Somehow, they worked out a plan. Mrs. H. and my husband rushed off to get the necessary signature and I was taken back to the Mission with Mitzi and, unfortunately, the Weasel. We sat there for two hours as he chatted away happily. I could barely look at him. Finally, I saw the front door open and my husband walk through. He had a strange look in his eyes. He walked over and stopped next to me. An Ethiopian passport plopped into my lap. Mr. T happily congratulated us and then himself on his work well done.



The passport gave off an energy that kept me going through the whirlwind of the next 36 hours. We started packing and preparing to leave – last minute shopping, paying bills, delivering donations, etc. Of course the first thing on the list was racing to the Austrian Embassy to get an entry visa and extra letter for emergency’s sake. From there it was off to the travel agency where we begged our way onto a flight for the next day. Here we experienced our last little pitfall.

“I can get you all on a flight to Milan,” the agent said, “but from there to Vienna, there is only one seat available. I will put you on the priority waiting list for the second seat.”

We took it. I couldn’t be bothered to think about this minor hitch at the moment. I knew the only thing that mattered was feeling our plane take off from the ground in Addis. At that moment, no one would be coming to take Mitzi away from me anymore. I barely remember anything else from our last day in Ethiopia, but I do remember the lift off. The three of us had made it. Kidnapping accomplished.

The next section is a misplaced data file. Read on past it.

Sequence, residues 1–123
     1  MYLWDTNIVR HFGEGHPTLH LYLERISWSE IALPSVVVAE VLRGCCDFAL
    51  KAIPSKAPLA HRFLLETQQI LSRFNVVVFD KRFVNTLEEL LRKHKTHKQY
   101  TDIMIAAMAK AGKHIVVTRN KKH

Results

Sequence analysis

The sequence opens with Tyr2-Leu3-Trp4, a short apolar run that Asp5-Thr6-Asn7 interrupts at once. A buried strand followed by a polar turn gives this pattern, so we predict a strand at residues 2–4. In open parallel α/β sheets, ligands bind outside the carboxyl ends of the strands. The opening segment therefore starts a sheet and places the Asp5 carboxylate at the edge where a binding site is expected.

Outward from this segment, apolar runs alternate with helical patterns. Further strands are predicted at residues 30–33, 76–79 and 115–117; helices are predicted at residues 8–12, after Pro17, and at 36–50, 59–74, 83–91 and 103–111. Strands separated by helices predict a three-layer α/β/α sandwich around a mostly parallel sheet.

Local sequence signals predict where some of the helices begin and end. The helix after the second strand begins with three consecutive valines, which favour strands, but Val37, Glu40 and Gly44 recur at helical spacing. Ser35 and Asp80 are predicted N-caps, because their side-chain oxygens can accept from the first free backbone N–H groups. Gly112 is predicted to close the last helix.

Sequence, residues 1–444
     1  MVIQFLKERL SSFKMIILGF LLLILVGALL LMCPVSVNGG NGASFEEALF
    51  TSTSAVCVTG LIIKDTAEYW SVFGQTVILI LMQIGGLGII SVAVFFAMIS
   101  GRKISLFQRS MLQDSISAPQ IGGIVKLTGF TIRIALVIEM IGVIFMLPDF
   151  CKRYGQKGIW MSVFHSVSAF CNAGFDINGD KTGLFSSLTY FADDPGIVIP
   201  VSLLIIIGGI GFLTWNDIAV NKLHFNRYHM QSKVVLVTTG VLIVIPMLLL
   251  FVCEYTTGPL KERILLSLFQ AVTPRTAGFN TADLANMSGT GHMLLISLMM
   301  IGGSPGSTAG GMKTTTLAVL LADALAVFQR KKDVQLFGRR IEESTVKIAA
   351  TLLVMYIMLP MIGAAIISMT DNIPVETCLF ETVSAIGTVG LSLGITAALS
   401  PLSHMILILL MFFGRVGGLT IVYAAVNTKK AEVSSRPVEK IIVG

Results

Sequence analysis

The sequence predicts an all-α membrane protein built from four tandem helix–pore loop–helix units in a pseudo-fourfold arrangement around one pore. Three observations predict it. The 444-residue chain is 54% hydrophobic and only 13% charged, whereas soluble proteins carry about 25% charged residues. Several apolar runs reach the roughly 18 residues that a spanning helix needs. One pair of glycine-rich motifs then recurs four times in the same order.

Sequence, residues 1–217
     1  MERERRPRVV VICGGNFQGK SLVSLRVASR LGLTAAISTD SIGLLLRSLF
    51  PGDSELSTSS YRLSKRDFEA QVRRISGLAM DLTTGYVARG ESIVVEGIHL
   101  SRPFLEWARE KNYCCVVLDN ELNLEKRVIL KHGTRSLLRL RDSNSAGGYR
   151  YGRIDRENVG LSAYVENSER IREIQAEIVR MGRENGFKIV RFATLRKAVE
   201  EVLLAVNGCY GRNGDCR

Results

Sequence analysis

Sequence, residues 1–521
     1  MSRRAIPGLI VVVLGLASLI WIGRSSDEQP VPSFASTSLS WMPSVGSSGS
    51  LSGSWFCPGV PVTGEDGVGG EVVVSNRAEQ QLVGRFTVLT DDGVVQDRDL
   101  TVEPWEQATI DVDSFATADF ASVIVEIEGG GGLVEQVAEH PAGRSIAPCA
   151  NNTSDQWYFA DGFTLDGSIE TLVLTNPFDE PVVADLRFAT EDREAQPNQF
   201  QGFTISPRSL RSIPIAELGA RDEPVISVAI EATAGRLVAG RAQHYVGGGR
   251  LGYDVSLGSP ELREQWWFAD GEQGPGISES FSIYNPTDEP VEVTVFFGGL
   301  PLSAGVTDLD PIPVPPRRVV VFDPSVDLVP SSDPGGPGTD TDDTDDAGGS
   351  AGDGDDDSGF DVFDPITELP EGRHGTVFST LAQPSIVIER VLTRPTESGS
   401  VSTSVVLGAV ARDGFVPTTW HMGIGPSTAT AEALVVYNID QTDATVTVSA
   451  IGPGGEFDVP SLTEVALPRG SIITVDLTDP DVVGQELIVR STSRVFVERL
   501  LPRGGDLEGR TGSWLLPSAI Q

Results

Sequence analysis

At least to Italy.

“I’m sorry, but only one of you can board this plane with the baby. The other will have to take the next flight (12 hours later).”

We were stunned. There we were, just a one-hour puddle jump from our homecoming, and we couldn’t get there together. The plane was boarding any minute and we had to make a decision. My husband’s family was probably already on the way to the airport in Vienna with their stork signs and presents and champagne. It was his family, so I told him to go. I would follow on the next flight. He refused, deciding we would all wait, but I put my foot down. I wanted Mitzi on Austrian soil. He gave in, then checked in, and we took seats in the waiting area.

And then I burst out crying.

The airline employees at the check-in looked over at us with sympathy and nervous concern in their eyes.

A few minutes later a flight attendant walked up to us and said “We have found you a second seat on this flight. Here let me help you.”  She escorted us all the way into the plane, carrying my bag for me. Once inside, she went to some passengers in the emergency row seats (with extra legroom) and asked them – or more accurately, told them –  to move. She helped us get settled, asked us what we needed, chatted with us and generally stayed close by. I loved her. I watched Mitzi sleep in the basket at our feet as the plane picked up speed on the runway and then lifted off the ground. We were going home.